Sir Keir Starmer has turned down a role advising a top law firm amid criticism that it would conflict with his job leading Labour’s Brexit policy.
The shadow Brexit secretary was reported to be in discussions with Mishcon de Reya about advising its training and development academy.
Tory MPs suggested it was inappropriate for him to work for a firm which took part in Brexit-related legal cases.
Sir Keir said he was not pursuing the role in light of his other commitments.
Mishcon de Reya acted for businesswoman Gina Miller in her successful legal challenge earlier this year against the government’s attempts to trigger Article 50 without the prior consent of Parliament.
After a lengthy legal battle lasting months, the Supreme Court found in Ms Miller’s favour in January, ruling that MPs and peers needed to explicitly approve the UK’s official notification of its decision to leave the EU.
Sir Keir Starmer has been involved with the law firm as recently as last year, declaring £4,500 in income for advising its academy between 1 June 2016 and 30 September 2016. However, this was before he took up the role as shadow Brexit secretary in October 2016.
Conservative MP James Cleverly had been pressing Sir Keir to reassure his constituents and the public in general that any further work for the firm would not compromise his shadow cabinet duties.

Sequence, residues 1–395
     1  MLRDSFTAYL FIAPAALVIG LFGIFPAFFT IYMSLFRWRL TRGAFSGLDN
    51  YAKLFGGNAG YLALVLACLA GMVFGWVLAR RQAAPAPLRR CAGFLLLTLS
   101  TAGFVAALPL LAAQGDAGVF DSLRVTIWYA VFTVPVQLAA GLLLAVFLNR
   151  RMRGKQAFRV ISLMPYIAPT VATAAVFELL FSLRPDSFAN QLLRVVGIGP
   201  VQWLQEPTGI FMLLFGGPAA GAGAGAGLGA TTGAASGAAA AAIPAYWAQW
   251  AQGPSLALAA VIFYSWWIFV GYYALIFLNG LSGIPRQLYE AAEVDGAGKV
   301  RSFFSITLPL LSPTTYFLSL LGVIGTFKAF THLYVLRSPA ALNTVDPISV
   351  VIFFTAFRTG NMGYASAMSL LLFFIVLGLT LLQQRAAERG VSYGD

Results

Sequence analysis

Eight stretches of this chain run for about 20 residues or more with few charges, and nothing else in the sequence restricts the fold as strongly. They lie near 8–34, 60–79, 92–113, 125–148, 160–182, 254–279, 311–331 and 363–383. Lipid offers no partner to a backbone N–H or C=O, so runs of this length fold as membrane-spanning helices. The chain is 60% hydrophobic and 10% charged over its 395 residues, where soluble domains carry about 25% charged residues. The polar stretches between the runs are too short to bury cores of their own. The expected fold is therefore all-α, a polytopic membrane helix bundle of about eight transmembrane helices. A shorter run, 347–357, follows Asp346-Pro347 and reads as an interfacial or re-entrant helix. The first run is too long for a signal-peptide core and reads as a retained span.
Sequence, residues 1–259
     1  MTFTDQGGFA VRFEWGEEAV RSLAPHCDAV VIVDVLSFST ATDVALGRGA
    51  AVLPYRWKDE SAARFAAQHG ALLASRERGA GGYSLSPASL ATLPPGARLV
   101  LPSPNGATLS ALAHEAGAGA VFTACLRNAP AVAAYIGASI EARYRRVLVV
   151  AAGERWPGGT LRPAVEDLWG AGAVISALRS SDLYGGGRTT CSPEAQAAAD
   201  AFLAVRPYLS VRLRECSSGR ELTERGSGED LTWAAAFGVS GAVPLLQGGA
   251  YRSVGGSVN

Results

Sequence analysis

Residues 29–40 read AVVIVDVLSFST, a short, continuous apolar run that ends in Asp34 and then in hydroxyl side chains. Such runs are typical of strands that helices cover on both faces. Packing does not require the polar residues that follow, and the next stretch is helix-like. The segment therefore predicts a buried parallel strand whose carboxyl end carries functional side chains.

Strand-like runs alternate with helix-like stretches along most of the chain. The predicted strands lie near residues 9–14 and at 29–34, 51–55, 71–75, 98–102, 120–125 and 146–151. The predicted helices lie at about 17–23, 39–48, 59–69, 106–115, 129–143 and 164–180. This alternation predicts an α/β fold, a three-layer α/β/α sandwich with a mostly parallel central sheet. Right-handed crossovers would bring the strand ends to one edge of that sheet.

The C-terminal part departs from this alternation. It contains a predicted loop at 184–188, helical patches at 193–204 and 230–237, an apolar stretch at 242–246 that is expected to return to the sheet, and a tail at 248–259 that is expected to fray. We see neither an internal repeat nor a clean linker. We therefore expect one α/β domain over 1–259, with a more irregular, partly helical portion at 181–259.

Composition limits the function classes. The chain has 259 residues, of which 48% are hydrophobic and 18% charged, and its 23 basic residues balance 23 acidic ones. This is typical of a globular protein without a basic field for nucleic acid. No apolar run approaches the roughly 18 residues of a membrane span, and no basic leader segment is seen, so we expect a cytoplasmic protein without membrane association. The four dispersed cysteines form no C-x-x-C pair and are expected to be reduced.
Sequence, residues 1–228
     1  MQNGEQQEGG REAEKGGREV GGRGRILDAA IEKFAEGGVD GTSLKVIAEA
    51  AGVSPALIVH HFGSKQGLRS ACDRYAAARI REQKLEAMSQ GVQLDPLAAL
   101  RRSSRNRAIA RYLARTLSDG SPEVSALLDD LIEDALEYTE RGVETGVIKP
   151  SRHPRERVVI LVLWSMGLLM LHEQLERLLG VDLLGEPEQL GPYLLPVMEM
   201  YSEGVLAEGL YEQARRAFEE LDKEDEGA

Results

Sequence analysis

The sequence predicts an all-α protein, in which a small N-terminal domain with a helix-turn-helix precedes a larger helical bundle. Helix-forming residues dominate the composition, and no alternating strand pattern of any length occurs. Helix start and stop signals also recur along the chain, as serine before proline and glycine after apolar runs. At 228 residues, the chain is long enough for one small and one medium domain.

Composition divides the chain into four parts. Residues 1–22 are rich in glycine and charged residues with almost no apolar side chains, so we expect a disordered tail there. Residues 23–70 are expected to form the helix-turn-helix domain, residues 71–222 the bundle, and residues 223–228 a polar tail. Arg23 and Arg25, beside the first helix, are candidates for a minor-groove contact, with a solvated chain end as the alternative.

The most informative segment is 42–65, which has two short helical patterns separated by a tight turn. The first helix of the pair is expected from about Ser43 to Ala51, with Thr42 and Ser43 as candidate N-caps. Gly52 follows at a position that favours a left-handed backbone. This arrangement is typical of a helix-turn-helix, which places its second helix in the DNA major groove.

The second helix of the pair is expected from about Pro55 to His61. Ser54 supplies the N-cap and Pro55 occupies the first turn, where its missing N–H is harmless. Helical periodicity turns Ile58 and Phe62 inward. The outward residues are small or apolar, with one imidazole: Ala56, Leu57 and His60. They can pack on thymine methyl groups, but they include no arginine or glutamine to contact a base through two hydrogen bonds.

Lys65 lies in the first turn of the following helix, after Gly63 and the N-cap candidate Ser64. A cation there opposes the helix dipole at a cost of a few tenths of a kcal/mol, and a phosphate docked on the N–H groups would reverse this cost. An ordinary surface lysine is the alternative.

In a letter on Monday he suggested “members of the public will rightly detect a conflict of interest between your paid work for a law firm and your important role on the front bench”.
Sir Keir has now withdrawn his interest. “I am grateful for Mischon de Reya for discussing a possible role advising the Mishcon Academy with me but given my other commitments, I have decided not to further the discussions.”
Sir Keir, a former director of public prosecutions who became an MP in 2015, is one of the most powerful figures in the shadow cabinet. He was made a privy counsellor recently – meaning that he has access to official government briefings and information on a confidential basis.
According to Mishcon, its academy is an “in-house place of learning and platform for thought leadership”.